Share Button

Sunday

23

June 2019

0

COMMENTS

Legion Remains One of Television’s Greatest Visual Achievements

Written by , Posted in Blog, Pop Culture, Reviews, TV Reviews

Like its titular character, Legion is a very difficult show to describe. It’s a superhero show without heroes. The morality of David Haller isn’t so much grey as it is rainbow, impossible to decipher yet present in an unmistakable fashion. Legion is quite possibly the most beautiful show on television, with stunning visuals giving the eyes plenty to digest while leaving the mind dazzled and bewildered.

Season three continues the battle for control of David’s mind. The powerful mutant, played by Dan Stevens, seeks the help of a time-traveling mutant named Switch (Lauren Tsai) to help fix his mind after decades of abuse from Amahl Farouk (Navid Negahban). David’s former friends have allied with Division 3 on board an airship, doing their best to manage a situation far beyond any of their control.

As always, Legion remains a difficult show to follow. David’s motives are as elusive as ever, a protagonist seemingly unconcerned with the notions of good and evil. The show offers a remarkable visual portrait of David’s mental health in a constant struggle to unpack the years of abuse from the Shadow King,

The visuals on Legion are out of this world, fitting for a show that often takes viewers outside reality. Stevens’ performance in the lead role often serves as a suitable counterbalance, bringing a sense of calm to all the chaos. For all the times the viewer is left staring at the screen wondering what just happened, David is there to crack a slight smile as he embraces the world around him.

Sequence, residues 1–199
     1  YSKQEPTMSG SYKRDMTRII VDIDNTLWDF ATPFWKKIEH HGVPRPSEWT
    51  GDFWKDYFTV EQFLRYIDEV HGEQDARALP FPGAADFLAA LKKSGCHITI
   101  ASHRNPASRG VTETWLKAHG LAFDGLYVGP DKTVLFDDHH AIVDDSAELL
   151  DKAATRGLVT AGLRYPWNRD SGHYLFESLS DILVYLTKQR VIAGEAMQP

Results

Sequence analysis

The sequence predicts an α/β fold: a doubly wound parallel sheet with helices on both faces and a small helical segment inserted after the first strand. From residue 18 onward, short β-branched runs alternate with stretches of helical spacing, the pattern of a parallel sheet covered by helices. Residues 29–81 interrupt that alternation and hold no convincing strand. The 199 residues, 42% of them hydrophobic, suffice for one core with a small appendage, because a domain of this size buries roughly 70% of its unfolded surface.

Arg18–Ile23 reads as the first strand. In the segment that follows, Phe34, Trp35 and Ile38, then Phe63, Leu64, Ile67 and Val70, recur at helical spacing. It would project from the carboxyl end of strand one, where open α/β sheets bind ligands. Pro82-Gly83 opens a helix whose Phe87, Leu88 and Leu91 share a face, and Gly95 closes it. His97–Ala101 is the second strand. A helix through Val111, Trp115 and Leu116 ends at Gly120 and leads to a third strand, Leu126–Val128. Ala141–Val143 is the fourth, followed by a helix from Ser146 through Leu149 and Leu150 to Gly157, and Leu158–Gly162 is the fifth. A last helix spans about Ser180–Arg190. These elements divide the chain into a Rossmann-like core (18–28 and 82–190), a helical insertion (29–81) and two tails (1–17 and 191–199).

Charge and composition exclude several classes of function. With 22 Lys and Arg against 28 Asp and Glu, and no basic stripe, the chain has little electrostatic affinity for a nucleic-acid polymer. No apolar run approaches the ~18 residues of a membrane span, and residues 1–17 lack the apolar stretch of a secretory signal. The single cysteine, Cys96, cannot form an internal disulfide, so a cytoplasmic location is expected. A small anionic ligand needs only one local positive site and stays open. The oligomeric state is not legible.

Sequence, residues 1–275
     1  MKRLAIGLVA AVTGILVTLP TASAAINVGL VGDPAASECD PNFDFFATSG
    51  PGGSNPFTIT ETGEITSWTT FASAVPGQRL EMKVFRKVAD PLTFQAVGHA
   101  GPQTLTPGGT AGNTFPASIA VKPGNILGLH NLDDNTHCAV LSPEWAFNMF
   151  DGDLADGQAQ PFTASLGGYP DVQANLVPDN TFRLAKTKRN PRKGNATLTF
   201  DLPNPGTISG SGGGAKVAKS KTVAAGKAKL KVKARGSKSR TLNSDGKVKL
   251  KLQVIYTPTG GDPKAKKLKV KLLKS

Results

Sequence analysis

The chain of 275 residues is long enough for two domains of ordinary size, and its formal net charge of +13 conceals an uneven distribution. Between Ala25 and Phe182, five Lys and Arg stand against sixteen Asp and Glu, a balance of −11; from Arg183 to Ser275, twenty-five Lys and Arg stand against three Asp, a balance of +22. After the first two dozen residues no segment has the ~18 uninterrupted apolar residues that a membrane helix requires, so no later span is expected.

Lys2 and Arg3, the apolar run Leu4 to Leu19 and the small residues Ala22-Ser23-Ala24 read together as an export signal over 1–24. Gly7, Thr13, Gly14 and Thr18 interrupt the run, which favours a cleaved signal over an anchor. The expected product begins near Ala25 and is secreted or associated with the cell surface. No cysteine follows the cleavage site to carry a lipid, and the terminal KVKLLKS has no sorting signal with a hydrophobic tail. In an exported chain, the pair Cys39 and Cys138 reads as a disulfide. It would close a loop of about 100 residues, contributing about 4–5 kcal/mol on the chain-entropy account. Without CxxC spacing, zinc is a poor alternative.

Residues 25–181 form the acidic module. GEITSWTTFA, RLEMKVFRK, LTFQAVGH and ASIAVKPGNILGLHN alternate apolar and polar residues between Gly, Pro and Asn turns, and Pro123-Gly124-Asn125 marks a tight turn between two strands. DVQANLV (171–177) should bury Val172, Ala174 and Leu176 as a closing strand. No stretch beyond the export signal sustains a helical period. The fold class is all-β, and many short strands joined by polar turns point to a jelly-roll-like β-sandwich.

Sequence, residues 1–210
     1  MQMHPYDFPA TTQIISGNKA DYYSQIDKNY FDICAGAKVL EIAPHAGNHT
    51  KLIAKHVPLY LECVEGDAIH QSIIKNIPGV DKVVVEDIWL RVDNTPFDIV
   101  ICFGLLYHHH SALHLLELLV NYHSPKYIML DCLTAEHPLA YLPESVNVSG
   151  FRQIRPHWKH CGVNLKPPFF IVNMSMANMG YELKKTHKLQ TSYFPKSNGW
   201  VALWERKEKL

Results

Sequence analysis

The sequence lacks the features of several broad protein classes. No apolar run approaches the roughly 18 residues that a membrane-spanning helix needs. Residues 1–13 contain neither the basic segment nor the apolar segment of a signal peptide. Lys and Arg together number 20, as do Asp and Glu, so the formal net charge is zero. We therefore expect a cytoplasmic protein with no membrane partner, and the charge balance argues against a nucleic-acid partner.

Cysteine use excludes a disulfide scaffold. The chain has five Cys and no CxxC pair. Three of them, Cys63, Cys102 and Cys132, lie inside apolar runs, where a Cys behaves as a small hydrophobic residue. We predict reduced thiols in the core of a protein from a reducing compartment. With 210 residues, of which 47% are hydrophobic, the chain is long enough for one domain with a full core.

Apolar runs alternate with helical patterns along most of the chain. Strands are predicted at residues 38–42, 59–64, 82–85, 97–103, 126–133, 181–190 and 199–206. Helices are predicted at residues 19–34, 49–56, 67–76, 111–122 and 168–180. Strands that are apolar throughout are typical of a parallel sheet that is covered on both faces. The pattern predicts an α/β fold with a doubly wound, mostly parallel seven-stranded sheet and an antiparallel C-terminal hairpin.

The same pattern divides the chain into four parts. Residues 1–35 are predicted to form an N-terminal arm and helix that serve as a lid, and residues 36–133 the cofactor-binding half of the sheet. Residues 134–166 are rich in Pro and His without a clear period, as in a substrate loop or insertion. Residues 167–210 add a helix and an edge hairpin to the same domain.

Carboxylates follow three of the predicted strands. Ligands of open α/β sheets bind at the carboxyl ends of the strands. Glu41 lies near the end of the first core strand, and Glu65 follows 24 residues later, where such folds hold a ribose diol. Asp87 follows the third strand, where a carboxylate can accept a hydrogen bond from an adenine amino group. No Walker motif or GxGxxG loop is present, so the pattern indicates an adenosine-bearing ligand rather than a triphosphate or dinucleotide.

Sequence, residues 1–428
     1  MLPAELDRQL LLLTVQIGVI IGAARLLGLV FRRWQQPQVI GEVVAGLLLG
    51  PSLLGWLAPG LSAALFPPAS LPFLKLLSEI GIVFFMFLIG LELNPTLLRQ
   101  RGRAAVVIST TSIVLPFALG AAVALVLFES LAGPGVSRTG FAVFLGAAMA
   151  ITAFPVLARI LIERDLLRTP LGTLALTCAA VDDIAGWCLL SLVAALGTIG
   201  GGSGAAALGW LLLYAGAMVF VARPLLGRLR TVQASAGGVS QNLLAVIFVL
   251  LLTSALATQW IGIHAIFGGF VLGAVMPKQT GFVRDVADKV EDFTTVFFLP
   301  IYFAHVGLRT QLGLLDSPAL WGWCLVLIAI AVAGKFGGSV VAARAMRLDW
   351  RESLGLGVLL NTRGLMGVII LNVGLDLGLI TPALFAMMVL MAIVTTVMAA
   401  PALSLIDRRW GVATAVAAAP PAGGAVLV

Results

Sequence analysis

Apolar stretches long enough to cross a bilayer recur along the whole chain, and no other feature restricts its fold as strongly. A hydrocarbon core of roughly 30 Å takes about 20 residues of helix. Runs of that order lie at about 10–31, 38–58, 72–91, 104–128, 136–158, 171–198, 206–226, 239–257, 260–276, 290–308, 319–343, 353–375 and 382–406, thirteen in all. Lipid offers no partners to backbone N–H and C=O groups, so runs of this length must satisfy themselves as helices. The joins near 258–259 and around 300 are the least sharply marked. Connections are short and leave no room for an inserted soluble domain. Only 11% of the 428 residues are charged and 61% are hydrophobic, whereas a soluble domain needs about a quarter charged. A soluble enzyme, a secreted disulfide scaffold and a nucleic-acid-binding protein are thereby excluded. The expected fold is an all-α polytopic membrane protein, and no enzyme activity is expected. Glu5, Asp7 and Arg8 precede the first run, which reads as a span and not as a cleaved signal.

Legion is much better at offering food for thought rather than any sense of concrete answers. The urge to simply sit back and enjoy the ride is contrasted with a narrative that gives you just enough to start to put the pieces together, even if you’re never really left with the idea that the show wants to let you in on its secrets. It’s a journey with an unclear destination, an indecipherable map, and a cast of characters who rarely seem to have any more of a clue than the audience. Simply put, it’s a singularly bizarre piece of television.

As the final chapter in David’s saga, season three does carry the sense that it is headed toward a conclusion. You never quite know what direction each episode will head in, or how many times it’ll alter course, but the power struggle between David and Farouk remains at the core of the series.

Legion is among the finest comic book adaptations in existence, portraying the wildly inaccessible David Haller as faithfully as could possibly be imagined. The show brings out emotions you wouldn’t expect after two years spent redefining all the norms of television. With Disney’s purchase of Fox set to usher in a new chapter of the X-Men, it’s perhaps fitting that the story belonging to one of the most eclectic characters in its universe would come to an end.

For a show that could, in theory, go on forever, having shattered all expectations of time and space, the narrative finds a way to leave its audience feeling satisfied with this three-season arc. David Haller’s world is one that seems impossible to grow tired of, though the confines of television often call for shows this wild to enjoy shorter runs. Legion is one the weirdest shows ever made. Season three concludes a beautifully strange journey that often exists outside the world of beginnings and ends. Few shows can pack in so many different emotions in a single hour.

Share Button

Monday

17

June 2019

0

COMMENTS